2. The objectives proposed by the UK Climate Assembly are misleading and will not be achievable for the following reasons:

    Cost, Timescale and Resources.

    To achieve the objectives energy bills will Increase significantly. To convert the UK to an all- electric or part hydrogen economy will raise the cost of electricity for heating, by 3 or 4 times the cost of gas today. A household today that pays £500 per year for gas, in 2030/2050 will pay £1500 or more when using electricity or hydrogen. One in ten households today is fuel poor. The drive to be carbon neutral will be paid for by the poorest people.

    The building of more wind and solar is not a sound policy. In 2018 wind and solar provided the UK with 70 terawatt hours of energy. 7.9% of the total 880 TWh of the UK energy supplied by gas. Wind and solar are very variable and have to be backed up by gas fuelled generation.
    Note that Germany has next to the highest electricity price in the EU, at 25.59p per kWhr, compared to 14p per kWh in the UK. This is due to a policy of developing a large renewable sector (wind and solar).

    In order to replace the energy supplied by gas today for industry, domestic heating and electricity generation, (880 TWhr in 2018), and also in the future to supply electric cars.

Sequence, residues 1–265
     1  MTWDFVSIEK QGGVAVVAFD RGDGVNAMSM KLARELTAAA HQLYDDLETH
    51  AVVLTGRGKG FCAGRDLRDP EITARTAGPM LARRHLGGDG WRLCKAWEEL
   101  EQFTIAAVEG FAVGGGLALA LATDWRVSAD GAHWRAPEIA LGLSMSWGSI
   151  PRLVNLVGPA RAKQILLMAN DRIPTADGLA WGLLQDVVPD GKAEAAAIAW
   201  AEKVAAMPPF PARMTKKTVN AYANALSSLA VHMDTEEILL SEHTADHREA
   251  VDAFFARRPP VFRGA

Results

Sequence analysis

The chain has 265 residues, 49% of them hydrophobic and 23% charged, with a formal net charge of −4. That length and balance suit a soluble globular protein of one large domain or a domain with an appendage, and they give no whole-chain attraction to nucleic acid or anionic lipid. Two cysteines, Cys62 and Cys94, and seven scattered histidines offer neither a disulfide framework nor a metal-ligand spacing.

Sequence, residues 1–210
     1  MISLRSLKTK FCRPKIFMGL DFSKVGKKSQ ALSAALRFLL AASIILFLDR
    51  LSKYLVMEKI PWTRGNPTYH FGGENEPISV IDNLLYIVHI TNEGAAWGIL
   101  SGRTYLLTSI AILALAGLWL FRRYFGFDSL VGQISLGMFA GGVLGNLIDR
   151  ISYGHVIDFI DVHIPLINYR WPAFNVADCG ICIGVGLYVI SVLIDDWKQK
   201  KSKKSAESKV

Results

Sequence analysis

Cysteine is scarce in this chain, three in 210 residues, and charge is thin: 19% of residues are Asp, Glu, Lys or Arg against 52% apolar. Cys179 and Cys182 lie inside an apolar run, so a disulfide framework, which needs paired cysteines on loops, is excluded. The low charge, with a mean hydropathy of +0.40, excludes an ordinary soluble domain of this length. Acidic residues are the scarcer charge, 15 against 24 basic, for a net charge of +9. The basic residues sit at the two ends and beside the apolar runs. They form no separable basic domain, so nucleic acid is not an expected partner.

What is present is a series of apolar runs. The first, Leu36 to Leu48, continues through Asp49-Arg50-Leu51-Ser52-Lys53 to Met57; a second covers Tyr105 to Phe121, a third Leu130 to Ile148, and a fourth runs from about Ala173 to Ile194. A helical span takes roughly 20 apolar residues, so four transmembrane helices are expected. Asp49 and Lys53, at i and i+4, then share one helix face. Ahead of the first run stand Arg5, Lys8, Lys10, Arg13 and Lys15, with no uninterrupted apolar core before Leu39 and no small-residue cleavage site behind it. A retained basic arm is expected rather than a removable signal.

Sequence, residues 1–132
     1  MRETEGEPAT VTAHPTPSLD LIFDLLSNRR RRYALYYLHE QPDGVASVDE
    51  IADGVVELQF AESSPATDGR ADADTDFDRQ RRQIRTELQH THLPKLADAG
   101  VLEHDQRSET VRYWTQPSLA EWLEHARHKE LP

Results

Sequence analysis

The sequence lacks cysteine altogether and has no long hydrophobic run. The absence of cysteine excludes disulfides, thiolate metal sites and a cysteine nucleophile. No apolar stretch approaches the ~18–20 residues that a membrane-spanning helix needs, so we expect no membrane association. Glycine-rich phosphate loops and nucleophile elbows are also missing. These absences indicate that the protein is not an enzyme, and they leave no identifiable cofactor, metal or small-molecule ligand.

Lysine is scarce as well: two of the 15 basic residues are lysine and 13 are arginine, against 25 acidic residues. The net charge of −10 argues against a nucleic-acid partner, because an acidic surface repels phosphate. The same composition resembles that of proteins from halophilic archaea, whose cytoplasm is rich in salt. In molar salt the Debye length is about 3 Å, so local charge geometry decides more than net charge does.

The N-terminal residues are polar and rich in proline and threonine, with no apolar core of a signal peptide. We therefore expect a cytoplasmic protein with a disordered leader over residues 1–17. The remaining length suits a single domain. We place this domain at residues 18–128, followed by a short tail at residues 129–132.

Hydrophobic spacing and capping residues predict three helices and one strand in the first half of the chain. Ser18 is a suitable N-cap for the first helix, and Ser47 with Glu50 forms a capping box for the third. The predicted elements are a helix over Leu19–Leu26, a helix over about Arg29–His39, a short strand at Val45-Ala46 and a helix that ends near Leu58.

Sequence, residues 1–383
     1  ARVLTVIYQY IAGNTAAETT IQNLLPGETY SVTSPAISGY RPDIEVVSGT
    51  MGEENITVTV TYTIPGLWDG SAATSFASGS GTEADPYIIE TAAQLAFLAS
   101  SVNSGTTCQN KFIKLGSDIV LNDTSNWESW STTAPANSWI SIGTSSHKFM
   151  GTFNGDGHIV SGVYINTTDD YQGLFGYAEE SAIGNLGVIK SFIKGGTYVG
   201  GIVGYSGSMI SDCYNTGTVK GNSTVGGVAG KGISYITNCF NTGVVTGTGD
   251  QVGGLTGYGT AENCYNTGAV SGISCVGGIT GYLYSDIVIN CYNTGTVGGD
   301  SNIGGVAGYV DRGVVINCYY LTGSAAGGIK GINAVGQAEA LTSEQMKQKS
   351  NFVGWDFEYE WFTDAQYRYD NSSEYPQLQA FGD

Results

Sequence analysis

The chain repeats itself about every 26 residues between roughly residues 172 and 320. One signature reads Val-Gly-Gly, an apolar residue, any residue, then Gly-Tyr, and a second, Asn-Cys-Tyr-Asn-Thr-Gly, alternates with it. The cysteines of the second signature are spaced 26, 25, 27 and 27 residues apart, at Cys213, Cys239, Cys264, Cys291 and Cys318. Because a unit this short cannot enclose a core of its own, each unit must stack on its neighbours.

The UK will need to build and commission the following:

    10 off Hinkley Point C power stations, 8 off tidal barrier schemes,11,000 10 MW wind turbines,
    70 of 880 MW gas turbines, to provide back-up when the wind fails to blow.
    Upgrade most of the distribution network, homes and buildings to total electricity use.
    Provide at least 200,000 public charging stations for electric cars.
    All this at an approx cost £600 billion and a 70 to 100 year planning & build time.

    Think of the howls of protest by the enviromentalist groups.

    The UK’s current high standard of living is based on the use of fossil fuels.
    Coal (it takes one tonne of coal to produce 1.5 tonnes of crude steel) and coke are required to produce steel for buildings machines and cars, gas is used for heating and many industrial processes, gas is used to manufacture fertilizer and hence our food. Gas, coal or oil heating is used to make cement, the manufacture of pharmaceuticals depends on fossil fuels.
    Oil provides transport and delivers most of the goods and food we use on a daily basis.
    Oil provides many of the plastics we use.